Andy Warhol: A Celebration of Life… And Death, Hype.

Warhol is notorious for his rock ‘n’ roll lifestyle. This compromised of his superstars, speed and general debauchery. But this exhibit at The National Gallery of Scotland shows a deeper side to Warhol, one that is concerned with death, religion and politics.
As a commercial illustrator in the 1950’s and 60’s, Warhol’s work embraced the American consumer culture. This was epitomised by his infamous piece of artwork; the repeated Campbell Soup image. Yet Warhol was not purely concerned with brands. His Death and Disaster series displays Warhol dabbling with death for the first time in his career. Critics may argue that Warhol portrayed sensational deaths, such as suicide and car crashes, with a heartless cool. While fans believe that Warhol is merely reflecting the modern world without judgement, observing how the media’s exposure of horrific events is making society immune to death and violence.
Warhol’s “Pop” portraits are also drenched in death. Iconic images of Marilyn Monroe and Elvis Presley were produced following the idols’ untimely deaths. Warhol’s obsession with celebrities who were touched with death is embodied in his expression: “In the future everyone will be famous for fifteen minutes”, reiterating that fame is short lived. Press images of widow, Jackie Kennedy following the murder of JFK, also produced a documentary of emotions; grief, happiness and dignity that surround the concurrent theme; death.
Warhol’s Screen Tests, which were mostly filmed during the 60’s, present an alternative art form to Warhol’s ritual silkscreen prints. Warhol filmed his “superstars” at The Factory and slowed the footage down by a third to create a 4 minute film in which every eye movement, every flutter of the eyelashes appears to be a revelation. His Screen Tests are mesmerising and are the key to the actor’s soul. Edie Sedgwick, socialite and “it” girl of the 1960’s, played a major role in Warhol’s films and was the quintessence of The Factory charisma.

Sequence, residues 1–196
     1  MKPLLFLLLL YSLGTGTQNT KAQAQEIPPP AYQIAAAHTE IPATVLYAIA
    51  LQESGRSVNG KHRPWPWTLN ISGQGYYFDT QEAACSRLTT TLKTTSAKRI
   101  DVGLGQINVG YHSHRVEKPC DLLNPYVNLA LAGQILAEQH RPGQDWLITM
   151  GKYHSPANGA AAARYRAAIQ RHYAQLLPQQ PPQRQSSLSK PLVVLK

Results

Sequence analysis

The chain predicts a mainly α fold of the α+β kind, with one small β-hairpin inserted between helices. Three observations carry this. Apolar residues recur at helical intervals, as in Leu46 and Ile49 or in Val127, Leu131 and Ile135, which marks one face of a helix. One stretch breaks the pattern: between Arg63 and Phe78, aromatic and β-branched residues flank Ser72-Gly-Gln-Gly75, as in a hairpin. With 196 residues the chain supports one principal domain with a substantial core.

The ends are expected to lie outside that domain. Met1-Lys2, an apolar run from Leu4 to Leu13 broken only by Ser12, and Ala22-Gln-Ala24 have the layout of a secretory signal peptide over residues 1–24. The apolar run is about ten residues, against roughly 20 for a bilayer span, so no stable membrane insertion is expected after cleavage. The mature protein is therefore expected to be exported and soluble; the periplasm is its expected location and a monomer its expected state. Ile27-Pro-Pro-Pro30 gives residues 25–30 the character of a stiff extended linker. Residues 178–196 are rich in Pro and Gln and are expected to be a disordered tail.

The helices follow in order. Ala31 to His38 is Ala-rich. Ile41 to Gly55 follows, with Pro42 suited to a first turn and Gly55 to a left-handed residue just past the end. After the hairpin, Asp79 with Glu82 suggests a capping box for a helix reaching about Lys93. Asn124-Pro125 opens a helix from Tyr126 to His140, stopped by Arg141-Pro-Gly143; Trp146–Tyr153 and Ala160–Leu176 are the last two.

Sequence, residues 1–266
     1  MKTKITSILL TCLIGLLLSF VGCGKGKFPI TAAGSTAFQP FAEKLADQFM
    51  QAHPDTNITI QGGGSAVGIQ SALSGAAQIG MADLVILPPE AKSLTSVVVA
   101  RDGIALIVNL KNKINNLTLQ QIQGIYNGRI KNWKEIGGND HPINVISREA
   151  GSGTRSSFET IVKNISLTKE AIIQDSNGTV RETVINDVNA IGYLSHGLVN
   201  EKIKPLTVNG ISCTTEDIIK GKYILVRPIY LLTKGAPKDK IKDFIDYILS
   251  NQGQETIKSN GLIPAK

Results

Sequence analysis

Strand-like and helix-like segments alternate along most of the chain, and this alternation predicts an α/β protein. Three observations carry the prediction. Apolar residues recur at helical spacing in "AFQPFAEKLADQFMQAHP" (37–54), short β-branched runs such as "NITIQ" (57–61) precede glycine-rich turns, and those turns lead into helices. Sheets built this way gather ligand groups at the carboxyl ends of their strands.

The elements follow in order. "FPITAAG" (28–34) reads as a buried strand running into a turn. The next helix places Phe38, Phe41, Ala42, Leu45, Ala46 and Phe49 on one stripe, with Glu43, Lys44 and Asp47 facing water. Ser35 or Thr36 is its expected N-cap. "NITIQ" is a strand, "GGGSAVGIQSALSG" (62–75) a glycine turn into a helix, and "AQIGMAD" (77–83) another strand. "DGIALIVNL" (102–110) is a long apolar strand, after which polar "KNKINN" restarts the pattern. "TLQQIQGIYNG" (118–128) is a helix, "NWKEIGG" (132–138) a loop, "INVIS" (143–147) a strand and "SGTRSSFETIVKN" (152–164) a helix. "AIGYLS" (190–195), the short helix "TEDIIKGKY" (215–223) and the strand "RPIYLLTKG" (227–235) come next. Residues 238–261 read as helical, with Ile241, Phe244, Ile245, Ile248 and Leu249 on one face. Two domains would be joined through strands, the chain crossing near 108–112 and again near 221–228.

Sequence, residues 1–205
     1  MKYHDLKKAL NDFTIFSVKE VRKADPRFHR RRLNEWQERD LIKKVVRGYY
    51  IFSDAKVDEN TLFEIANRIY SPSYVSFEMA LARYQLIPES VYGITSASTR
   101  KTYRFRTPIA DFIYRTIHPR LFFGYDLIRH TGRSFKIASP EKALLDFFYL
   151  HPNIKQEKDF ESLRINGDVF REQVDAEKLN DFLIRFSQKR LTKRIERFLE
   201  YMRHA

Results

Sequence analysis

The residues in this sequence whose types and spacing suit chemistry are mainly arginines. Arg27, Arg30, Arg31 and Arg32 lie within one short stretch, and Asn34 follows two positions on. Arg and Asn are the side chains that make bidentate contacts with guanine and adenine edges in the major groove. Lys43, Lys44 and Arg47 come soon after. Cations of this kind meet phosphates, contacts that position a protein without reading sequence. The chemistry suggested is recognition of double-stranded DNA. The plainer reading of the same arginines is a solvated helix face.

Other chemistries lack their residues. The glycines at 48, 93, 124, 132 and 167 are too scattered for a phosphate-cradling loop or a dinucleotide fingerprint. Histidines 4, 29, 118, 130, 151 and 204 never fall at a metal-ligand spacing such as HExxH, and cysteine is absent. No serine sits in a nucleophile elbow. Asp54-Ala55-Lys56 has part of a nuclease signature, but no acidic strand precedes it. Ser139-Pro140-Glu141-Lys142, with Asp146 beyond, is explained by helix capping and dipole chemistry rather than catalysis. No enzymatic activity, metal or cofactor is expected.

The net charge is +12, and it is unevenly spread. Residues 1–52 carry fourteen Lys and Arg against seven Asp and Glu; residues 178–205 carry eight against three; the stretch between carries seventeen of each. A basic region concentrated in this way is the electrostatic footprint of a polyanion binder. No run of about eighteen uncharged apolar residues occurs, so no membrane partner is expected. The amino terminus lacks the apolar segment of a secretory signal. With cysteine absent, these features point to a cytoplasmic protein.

In the 1980’s Warhol became obsessed with the Cold War tension, producing his famous Camouflage prints which undermined Russia’s military threats with the contradictory use of bright colours which simulates the American brand culture.
The most interactive and frivolous aspect of the exhibit is the un-missable Silver Clouds. A room full of helium and air inflated silver balloons which float in the direction which you push them. This is an opportunity to experience Andy Warhol’s avant-garde art, where everyone ranging from children to pensioners is playing like they have never played before.
However, Warhol’s self portraits are unequalled in this exhibit. Warhol hits the very core of his insecurities and fears, particularly in Self Portrait (Strangulation) which portrays him being strangled from behind in a shocked Christ-like position-eyes directed heaven ward.
This exhibition gives a deep insight into the chaotic and nihilistic life of Andy Warhol: where superficiality and enlightenment are one.
Andy Warhol: A Celebration of Life… And Death
The National Gallery of Scotland
4th August-7th October
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